(2003) - Synapse Films
by Todd Doogan of The Digital Bits
Disc Ratings (Video/Audio/Extras): A/B+/B
Specs and Features
98 mins, NR, letterboxed widescreen (1.85:1), single-sided, RSDL
dual-layered (layer switch at ?), keep case packaging, theatrical
trailer, Guitar Wolf filmography and discography, Drinking
Game, "behind-the-scenes" music video, still
gallery, Easter egg (interview), animated film-themed menu screens,
scene access (14 chapters), languages: Japanese (DD 2.0), subtitles:
"Rock 'n Roll!"
Wild Zero, the newest release
from Synapse, has to be the oddest DVD release of 2003/2004. It's
fun, it's cool and it's zombie mayhem made real.
Wild Zero, without a doubt
(and like it or not), is a very fun flick. Most of that fun comes
from the fact that it's little more than an extended music video for
Guitar Wolf, the legendary Japanese rockabilly icons, who spend the
entire film running around armed with the mystical power of Rock 'n
Roll. It also has a creepy and slightly uncomfortable (even if it is
morally uplifting) love story as its center, which keeps the
uncontrollable grin locked on your face. Adding to all of that is a
sinister villain who, clad in super-tight tennis shorts and a
collection of awful Dutch Boy wigs, menaces Guitar Wolf from start
to finish over the loss of his fingers and a Ben-wa ball. No...
Wild Zero isn't high art, nor
is it very good filmmaking, but it does have its charms. It's the
type of film you either love, with all the fanboy passion you
possess, or hate completely.
For those looking for a synopsis: Ace is a young rocker, and
zealous fan of Guitar Wolf, who dreams of one day being a member.
Armed with his mother's hair comb and his moped, Ace travels Japan's
back roads following the band from gig to gig. At one such gig, Ace
accidentally lands smack dab in the middle of a confrontation
between the band and a twisted concert promoter (mentioned above)
who helped Wolf get their big break. Once this stand-off is nipped
down, Ace and Guitar Wolf, the band's leader (each band member is
named after their instrument: Guitar Wolf, Drum Wolf and Bass Wolf)
become blood brothers in Rock. Ace is given a special whistle to
blow if he's ever in need. That need comes the next day, when, on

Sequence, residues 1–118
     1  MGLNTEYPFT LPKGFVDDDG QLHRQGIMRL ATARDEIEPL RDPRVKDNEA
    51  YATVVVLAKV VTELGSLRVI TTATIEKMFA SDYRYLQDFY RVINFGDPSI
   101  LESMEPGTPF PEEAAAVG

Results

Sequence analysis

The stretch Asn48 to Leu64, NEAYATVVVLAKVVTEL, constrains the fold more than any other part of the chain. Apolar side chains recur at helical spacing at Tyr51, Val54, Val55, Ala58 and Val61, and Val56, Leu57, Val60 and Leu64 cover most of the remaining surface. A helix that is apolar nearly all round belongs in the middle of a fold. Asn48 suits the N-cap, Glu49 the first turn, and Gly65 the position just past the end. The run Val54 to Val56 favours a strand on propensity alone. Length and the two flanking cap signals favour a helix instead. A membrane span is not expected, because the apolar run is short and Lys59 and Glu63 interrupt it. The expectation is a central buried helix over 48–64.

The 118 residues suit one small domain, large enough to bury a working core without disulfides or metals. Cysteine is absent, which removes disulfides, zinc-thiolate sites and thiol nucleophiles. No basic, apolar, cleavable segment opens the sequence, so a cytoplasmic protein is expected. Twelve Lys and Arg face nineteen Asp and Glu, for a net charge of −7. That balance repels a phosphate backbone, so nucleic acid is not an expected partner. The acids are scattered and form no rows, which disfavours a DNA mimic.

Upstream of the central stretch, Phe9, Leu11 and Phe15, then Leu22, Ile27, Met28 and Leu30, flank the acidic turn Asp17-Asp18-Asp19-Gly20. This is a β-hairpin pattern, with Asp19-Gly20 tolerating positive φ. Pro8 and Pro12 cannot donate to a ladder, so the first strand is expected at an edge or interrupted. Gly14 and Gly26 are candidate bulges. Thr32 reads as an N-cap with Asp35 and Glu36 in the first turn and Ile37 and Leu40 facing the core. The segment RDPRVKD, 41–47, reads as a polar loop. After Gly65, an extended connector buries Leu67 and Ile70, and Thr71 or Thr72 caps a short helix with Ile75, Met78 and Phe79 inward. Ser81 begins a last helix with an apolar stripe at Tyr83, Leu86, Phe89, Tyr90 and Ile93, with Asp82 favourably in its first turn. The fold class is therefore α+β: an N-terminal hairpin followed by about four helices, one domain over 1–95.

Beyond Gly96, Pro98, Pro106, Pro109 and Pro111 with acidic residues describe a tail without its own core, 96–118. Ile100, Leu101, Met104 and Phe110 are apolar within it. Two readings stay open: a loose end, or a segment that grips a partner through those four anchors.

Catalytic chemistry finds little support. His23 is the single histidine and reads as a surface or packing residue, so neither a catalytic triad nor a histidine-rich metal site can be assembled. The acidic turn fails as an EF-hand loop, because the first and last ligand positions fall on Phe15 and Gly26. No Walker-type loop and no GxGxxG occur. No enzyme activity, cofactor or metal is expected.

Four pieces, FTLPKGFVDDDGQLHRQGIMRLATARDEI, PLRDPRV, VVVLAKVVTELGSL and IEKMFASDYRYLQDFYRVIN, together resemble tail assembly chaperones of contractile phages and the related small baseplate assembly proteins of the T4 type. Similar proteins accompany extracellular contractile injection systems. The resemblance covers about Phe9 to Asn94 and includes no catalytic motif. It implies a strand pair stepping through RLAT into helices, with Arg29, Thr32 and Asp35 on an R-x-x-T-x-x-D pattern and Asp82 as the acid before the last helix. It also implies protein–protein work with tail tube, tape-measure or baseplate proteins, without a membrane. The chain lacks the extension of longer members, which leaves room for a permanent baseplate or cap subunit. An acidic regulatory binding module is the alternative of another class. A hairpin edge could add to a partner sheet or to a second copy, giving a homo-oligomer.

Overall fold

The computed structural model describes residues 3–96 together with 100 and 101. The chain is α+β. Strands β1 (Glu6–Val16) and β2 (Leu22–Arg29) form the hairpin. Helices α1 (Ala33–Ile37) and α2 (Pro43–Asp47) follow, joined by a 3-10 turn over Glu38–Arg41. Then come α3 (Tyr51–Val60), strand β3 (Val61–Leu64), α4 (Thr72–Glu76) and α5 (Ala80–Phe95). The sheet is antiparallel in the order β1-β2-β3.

the road to Guitar Wolf's next gig, Ace stops at a gas station and
foils a robbery, thus meeting Tobio, a young girl at the station.
After befriending the lass, Ace gets back on the road and bumps into
a horde of the undead. Remembering his new friend, he heads back to
the gas station to rescue Tobio from the zombie plague and locks
himself in an abandoned building with her. When all looks dire, Ace
blows his whistle and Wolf comes to the rescue... leading to an epic
battle between the undead, UFOs, a hot arms dealer clad in a
Burberry One-Piece and a very pissed off Buster Brown clone. And
yes, I did say UFOs.
You see, whether they knew it of not, Guitar Wolf and video
director Tetsuro Takeuchi made an "alternate view" film to
Plan 9 from Outer Space ("alternate"
being a new genre of film - think Signs
in relation to War of the Worlds).
You all remember what Plan 9
was don't you? "The resurrection of the dead. Long distance
electrodes shot into the pineal and pituitary gland of the recently
dead." That's exactly what happens here - except we don't see
any of the interaction with the aliens. Maybe somewhere back in the
U.S., Tanna and Eros are busy calling Earthlings stupid for being so
close to harnessing the power of Solaranite. Either way,
Wild Zero and
Plan 9 are two peas in a pod
for more than that reason. It's an awful film, made better for being
so very awful. Oh... the zombie make-up and CGI effects (for head
explosions and missing body parts) are A+ work, by the way.
Wild Zero even makes for a fun
DVD. The video quality is top notch, even if it's not an anamorphic
transfer. This is most likely do to the source material for an
anamorphic transfer not being available. Wild
Zero was originally envisioned as a low budget music
video that became a long form, which was aired on TV in Japan. The
source is a very good-looking digital video with some "film
effect" filters slapped on. It ends up being a very nice
transfer, and plays well as a cheated widescreen presentation. The
sound is a standard Dolby Digital stereo mix in Japanese, which
serves the film just fine. The subtitles are very prominent and
Extras include a stills gallery (which features art from the band
and the film), a Guitar Wolf biography and discography, the
theatrical trailer, a behind-the-scenes video cut to some music from
the band, and a Easter egg (featuring a last minute interview with
the band in NYC). Best of all is the Drinking
Game. Synapse has the right idea with this film: treat it
like Rocky Horror Picture Show
and inject as much audience participation as you can. Just select
the option, watch for the beer mug icon at the bottom of your screen
and get loaded. But be sure to get a case of beer (and/or a big
bottle of Jack), 'cause you're gonna need it. That icon pops up a
Wild Zero features some great
zombie effects, horrible acting, an explosive shower scene and
forbidden love. It's not good, but that doesn't make it bad either.
If it's a Synapse Asian Cult Cinema release, it's a must own as far
as I'm concerned. Having Guitar Wolf throwing guitar picks like they
were Chinese throwing stars... that just makes it more so.